The condition is systemic. It affects the entire body. Not only may it be evidenced by dry mouth (xerostomia) and dry eyes, it can be related to keratoconjunctivitis sicca, rheumatoid arthritis, and an excess of certain proteins in the blood (hypergammaglobulinemia). The lymph nodes, lungs, kidneys, liver, bone marrow, muscle, and skin can all be involved as well.
Once symptoms appear, they tend to remain steady, or worsen, and only rarely do they go into remission. Additionally, while some people experience mild discomfort, others suffer debilitating symptoms that greatly impair their overall function. Early diagnosis and proper treatment are important, as complications can be serious, and swift action can greatly improve a patient’s quality of life.
There are more than 80 different autoimmune disorders in which a person’s immune system mistakenly identifies healthy tissues as an invader and creates antibodies to attack it. The exact cause or causes of Sjögren’s syndrome and other autoimmune disorders is unknown.
One theory, however, is that microorganisms (bacteria or viruses), or a toxin, such as a pharmaceutical drug or other chemical, may trigger changes in the body that confuse the immune system.1 This may occur more often in people who carry genes that increase their risk for autoimmune disorders.2
Having any autoimmune disorder is a risk for secondary Sjögren’s syndrome; nearly 25% of patients with autoimmune diseases develop additional autoimmune diseases. 3
Helicobacter pylori infection has been implicated in onset of Sjogren Syndrome. 4
There are medications that can be prescribed that help relieve the dry eyes such as Restasis, and other medications for dry mouth such as pilocarpine (Salagen) and cevimeline (Evoxac). Sometimes anti-inflammatories such as Prednisone and autoimmune suppressants such as azathioprine and cyclophosphamide are prescribed.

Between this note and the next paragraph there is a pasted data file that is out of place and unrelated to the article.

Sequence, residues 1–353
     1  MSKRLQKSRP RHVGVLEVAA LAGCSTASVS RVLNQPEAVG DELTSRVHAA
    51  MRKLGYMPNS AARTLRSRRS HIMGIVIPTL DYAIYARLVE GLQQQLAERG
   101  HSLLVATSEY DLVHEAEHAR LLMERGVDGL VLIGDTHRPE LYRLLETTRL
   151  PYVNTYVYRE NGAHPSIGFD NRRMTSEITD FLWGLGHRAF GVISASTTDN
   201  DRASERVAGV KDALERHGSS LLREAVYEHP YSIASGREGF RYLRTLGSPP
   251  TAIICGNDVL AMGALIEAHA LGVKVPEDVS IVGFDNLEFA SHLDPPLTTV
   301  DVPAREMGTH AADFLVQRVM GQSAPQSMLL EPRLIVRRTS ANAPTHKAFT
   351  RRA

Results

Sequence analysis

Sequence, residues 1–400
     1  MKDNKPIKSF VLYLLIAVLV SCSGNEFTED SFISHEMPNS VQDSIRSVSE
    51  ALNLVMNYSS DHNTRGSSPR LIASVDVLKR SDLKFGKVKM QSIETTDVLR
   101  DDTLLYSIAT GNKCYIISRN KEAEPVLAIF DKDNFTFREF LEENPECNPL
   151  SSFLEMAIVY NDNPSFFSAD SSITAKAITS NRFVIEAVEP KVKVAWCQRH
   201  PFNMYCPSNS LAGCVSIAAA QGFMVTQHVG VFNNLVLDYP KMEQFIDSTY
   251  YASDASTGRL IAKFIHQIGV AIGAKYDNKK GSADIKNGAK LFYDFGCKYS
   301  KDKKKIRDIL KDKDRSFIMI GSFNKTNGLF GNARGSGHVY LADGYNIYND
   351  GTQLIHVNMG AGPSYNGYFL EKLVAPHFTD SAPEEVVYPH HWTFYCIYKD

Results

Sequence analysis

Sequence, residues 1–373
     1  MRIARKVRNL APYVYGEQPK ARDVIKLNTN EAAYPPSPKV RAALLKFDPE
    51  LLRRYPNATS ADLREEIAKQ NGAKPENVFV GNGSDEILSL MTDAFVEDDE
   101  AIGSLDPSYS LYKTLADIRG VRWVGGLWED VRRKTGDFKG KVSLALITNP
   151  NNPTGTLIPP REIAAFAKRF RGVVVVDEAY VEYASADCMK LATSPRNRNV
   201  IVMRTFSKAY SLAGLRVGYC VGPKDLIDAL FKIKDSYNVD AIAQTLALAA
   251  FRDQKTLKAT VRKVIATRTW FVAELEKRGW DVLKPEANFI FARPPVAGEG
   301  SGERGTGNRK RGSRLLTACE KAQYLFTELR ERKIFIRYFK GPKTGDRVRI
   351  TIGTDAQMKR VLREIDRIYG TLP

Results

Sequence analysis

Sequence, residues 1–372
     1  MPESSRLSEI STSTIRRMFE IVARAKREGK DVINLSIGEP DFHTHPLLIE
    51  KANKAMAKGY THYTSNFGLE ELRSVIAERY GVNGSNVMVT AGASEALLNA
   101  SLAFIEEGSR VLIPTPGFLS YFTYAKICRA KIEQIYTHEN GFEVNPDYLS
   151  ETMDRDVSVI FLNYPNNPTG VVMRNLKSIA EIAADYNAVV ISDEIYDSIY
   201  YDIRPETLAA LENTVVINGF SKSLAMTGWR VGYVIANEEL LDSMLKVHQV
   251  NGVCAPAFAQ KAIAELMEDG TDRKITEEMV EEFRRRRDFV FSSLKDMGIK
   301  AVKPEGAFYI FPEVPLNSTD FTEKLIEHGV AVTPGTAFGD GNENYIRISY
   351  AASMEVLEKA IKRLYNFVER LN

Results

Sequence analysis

Eye doctors use the Schirmer test, measuring tear production, and Rose Bengal and Lissamine Green eyedrops to evaluate the cornea surface. Dentists measure saliva flow and production including a biopsy of the salivary gland.
While treatments are primarily based on symptoms, it is important to monitor for lymphoma.
It is estimated that Sjogren’s is misdiagnosed in more than half of affected adults. Data suggest that patients experience symptoms for an average of 3.9 years before a diagnosis of SS is made. Such delays in diagnosis can be a source of psychological distress from unexplained symptoms.
While there is no one single test for Sjögren’s, doctors can generally trace the symptoms of primary SS to problems with the tear and saliva glands. When suspicious of SS, eye doctors use the Schirmer test to measure tear production and diagnostic dyes (rose bengal and lissamine green) to evaluate the corneal surface for tear production.
Medical or physical exams can also be helpful with diagnosis. Specific blood tests include:
- Analysis for antinuclear antibodies (ANA test) that are unusual antibodies directed against the nucleus of the cell. About 70% of Sjögren’s patients have a positive ANA test result.
- Abnormal blood levels of inflammation biomarkers.
- Sedimentation rate, detecting whether red blood cells are tending to clump.
- C-reactive protein; concentrations increase in the presence of inflammation.
- Thyroid levels.
- Erythrocyte sedimentation rate (ESR), a marker of overall inflammation.